“Ma’am, my name is James and this is Officer Theresa, what seems to be the problem here?”

“Well it’s about time you got here,” Mrs. Centon said as she staggered across the room to where her drink was setting on the end table next to her chair.

“I want to report a runaway.”

Theresa took out her pad of paper and began writing down notes as her partner continued with the questioning. At the same time she noted how intoxicated the woman seemed to be.

“Who is this runaway in relation to you,” asked James.

He moved closer to the woman and got a strong whiff of her breath and knew that they needed to handle this carefully.

“It’s my daughter Karla,” the woman fumed.

“Is it alright if we sit and talk,” asked Theresa. She could see that the woman was close to teetering over from her loss of balance.

Mrs. Centon sat down on the edge of her chair. She was still agitated by Karla’s disobedience and waved her hands about her in strong gesture.

James took a seat next to Theresa and continued on with the questioning.

“So how old is Karla and when did she run away?”

“Karla is sixteen and she ran away a little while ago.”

“Ma’am can you tell us what took place to make you think that your daughter ran away?”

“Well for one thing, she was with those kids…the ones I don’t want her around and she knows that she is grounded, but she left with them anyways.”

Theresa asked, “Did she take any of her belongings with her?”

Karla’s mom looked at the police woman strangely before answering.

Mrs. Centon scowled, “Are you implying that I am lying?”

The officers could see how agitated the woman was and knew that this was due to her high consumption of alcohol. It would be best for all if she could be left in peace to sleep it off.

Officer James scribbled a few more notes down on his pad.

“Tell you what Mrs. Centon, we will go and find your daughter and see to it that she returns home.

Can you tell us in which direction she went?”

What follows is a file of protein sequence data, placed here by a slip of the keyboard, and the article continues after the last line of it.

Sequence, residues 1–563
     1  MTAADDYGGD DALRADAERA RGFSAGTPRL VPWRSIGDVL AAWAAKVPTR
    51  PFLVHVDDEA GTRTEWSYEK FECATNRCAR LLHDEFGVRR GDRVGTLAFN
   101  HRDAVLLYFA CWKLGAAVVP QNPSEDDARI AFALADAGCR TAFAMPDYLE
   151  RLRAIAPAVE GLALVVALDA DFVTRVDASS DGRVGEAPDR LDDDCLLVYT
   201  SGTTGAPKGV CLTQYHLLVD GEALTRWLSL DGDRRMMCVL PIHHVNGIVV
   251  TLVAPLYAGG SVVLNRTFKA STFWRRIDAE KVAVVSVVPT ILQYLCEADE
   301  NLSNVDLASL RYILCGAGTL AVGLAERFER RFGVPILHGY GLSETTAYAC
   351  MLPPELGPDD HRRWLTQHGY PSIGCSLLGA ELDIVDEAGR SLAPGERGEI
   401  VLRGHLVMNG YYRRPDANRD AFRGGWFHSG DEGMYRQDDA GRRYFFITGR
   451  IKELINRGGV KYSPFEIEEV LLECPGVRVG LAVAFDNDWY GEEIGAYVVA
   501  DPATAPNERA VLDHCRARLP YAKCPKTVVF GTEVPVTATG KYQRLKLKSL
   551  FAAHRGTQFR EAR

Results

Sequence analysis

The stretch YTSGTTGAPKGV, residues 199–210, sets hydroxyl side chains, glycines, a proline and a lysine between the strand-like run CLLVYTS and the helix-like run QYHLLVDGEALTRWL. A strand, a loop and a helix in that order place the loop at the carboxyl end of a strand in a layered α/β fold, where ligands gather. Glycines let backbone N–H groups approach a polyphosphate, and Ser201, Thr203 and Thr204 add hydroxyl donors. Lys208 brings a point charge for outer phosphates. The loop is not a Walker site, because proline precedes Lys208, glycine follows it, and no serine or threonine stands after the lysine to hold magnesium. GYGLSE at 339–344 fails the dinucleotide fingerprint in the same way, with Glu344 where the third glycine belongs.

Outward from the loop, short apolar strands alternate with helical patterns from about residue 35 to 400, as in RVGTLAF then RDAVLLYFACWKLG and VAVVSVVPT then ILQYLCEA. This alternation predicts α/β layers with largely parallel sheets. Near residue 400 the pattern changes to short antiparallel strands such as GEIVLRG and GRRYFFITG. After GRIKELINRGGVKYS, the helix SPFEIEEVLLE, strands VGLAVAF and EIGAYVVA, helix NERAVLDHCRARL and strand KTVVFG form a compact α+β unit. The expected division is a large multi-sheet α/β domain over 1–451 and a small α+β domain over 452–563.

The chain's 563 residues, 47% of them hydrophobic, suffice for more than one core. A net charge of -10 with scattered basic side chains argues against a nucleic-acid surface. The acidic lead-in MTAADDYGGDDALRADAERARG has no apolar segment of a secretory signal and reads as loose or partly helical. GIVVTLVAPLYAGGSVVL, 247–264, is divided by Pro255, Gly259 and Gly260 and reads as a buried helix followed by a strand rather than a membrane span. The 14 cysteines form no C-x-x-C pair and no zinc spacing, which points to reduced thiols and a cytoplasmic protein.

Laurette stood up and swayed. She had to grip on to the edge of the arm of the chair to steady herself before she was able to indicate by pointing in the direction she had remembered seeing her daughter go, “She went down the street in that direction with her friends. I don’t know what is down there but I do know it is not the school or the Library.

Thank you officer…James,” Mrs. Centon leaned a little bit toward James so she could see his name on his badge. At the same time she glared at Officer Theresa. It irked her to have the woman question her on whether or not her daughter really ran away or not. Of course she ran away…

She waited for the two officers to leave. As soon as they were gone she locked the door behind them and staggered to the bed room. She could barely keep her eyes open and her balance was getting worse. She had to steady herself by grabbing on to any solid surface that was near her like the counter top in the kitchen and the walls in the hallway to keep her from falling down.

The bed was as comfy as it had been when she had awoken around noon time. Mrs. Centon nestled herself among the unmade sheets and blankets and fell fast asleep, never taking the time to change in to any kind of sleepwear.

Outside the house the two police officers walked back to their car. Many times they came across people who were under the influence just as Mrs. Centon was, so they knew they had to take care as to how they were going to handle the situation. Most likely she was making something out of nothing because of her intoxication. Drunks tended to do that.

“Let’s go pay Karla a little visit and see what she has been up to,” James said to his partner as he put the car in gear and drove in the direction toward the basketball court, “Hopefully she has been staying out of trouble since we last saw her.”